In 2014, the state dinner in honor of US President Barack Obama at Malacañan Palace had just ended, when a voice announced that all guests must stay seated as Mr. Obama and his party prepared to leave the Ceremonial Hall. Everybody did, except this woman in black beside me, who stood and nonchalantly walked to Mr. Obama and President Benigno Aquino III, a book in her hand.
Before I could fully realize what she was out to do, Inquirer editor in chief Letty Jimenez Magsanoc was already sandwiched between the two leaders. And—before the security could stop her, Mr. Aquino had put his arm around her and introduced her to Mr. Obama—“She’s one of the heroines of the Edsa revolution,” Mr. Obama said.
Magsanoc got her wish—Mr. Obama signed her copy of his book, “The Audacity of Hope.”
In 2015, I enjoyed a similar fate: of being around to photograph the moment our editor chief—again—decided to breach security, again involving the world’s most powerful man.
The world leaders had gathered at MOA-Arena, the welcome dinner of Apec. Hardly had the dinner started when Magsanoc asked me to bring her to the table of Mr. Obama and Mr. Aquino, because she wanted to see up close how the two were interacting.
To cut the story short, with a huge lump in my throat, we found ourselves between Mr. Obama and Mr. Aquino, and all eyes were on us. Not missing a beat, Mr. Aquino, surprised as he was, introduced again Magsanoc to the visiting head of state. “I remember you—the heroine of Edsa.”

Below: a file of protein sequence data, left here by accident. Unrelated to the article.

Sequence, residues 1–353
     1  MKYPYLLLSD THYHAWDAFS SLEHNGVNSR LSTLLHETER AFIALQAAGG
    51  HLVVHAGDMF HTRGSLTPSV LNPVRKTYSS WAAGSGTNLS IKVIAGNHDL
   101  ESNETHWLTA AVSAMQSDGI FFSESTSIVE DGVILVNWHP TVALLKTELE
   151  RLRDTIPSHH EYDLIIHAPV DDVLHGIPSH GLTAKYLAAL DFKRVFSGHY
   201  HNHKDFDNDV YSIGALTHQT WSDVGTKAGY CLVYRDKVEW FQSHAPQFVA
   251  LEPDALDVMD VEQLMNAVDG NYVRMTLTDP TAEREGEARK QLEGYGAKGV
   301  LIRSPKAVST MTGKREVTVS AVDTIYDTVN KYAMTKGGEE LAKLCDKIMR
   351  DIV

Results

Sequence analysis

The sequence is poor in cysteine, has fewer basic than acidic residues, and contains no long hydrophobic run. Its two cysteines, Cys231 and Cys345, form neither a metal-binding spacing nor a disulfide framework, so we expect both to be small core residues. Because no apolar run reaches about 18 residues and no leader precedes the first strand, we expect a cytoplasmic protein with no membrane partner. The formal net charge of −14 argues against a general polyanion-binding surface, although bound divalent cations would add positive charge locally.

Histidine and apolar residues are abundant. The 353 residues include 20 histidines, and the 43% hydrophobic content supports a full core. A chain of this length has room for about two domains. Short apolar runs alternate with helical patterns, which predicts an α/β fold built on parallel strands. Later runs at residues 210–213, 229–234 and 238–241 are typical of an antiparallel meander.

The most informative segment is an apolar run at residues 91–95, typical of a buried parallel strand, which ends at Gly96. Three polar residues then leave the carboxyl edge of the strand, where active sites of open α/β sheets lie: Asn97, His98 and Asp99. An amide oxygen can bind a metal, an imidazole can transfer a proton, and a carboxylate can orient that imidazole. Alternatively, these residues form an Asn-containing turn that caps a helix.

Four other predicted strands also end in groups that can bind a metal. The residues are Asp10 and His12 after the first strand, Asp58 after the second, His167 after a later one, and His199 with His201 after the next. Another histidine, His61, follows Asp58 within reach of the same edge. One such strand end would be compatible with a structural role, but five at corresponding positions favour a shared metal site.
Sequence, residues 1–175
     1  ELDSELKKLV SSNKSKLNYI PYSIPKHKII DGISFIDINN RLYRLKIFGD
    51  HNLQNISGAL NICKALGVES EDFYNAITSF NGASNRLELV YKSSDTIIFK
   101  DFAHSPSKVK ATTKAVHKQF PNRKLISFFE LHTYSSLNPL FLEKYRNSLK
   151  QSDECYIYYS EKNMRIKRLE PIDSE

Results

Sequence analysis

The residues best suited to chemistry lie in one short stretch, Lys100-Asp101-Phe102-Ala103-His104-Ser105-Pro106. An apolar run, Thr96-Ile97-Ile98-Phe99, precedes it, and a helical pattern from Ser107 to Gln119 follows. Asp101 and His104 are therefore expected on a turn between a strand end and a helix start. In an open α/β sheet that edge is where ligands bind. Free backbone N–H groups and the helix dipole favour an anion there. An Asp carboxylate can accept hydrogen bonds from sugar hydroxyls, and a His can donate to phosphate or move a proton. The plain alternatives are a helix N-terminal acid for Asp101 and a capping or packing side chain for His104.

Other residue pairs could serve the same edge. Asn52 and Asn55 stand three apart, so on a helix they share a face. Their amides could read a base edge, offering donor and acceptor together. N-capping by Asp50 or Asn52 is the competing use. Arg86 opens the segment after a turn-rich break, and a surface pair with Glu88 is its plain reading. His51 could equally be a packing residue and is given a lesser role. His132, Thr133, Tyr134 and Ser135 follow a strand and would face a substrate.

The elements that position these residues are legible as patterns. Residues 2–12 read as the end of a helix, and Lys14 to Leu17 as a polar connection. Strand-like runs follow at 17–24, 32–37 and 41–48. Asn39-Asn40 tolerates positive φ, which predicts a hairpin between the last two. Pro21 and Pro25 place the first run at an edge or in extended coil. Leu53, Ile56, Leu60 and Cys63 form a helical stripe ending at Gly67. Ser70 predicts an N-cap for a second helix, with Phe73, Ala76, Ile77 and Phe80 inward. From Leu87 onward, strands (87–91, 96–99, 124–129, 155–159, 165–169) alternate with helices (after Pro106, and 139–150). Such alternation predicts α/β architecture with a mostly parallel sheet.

And again, Mr. Obama promised to sign Magsanoc’s copies of his book—this time, more books, which she could send to his hotel.
This was all in a day’s work. There was only so much my beating heart could take.
It was a very nervous Miss Universe Pia Wurtzbach who paid a courtesy call on President Aquino in 2015, after she won the crown. And I was there in the room at Malacañan Palace.
In Montecarlo, Monaco, when Novak Djokovic was introduced as the brand ambassador of Lacoste, I didn’t plan for him to take our selfie. But he did. It was his idea. Not only did he small talk—about how he was about to join Nadal in Manila for the annual international tennis tournament here, how he had never visited the Philippines.
Then he took my phone and pressed the video so he could greet the Filipinos. “How do you say ‘I love you’ in Filipino?” he asked, addressing it to his fans in the Philippines.
This video was captured by CNN, and Djokovic, after a slump, is back to being number one in the world.
It was in 2015, in Apec at the Mall of Asia Arena. Everybody was jostling around this Asian guy. I didn’t know what the commotion was about, but I nonetheless started taking the photos for the business bigwigs swarming around him. I was just doing them a favor. Then Lance Gokongwei got my phone and told me graciously, “I’ll take your photo with him. Stand there.”
I did, and that was how I found myself beside Jack Ma, the founder of Alibaba and one of China’s richest men and visionaries.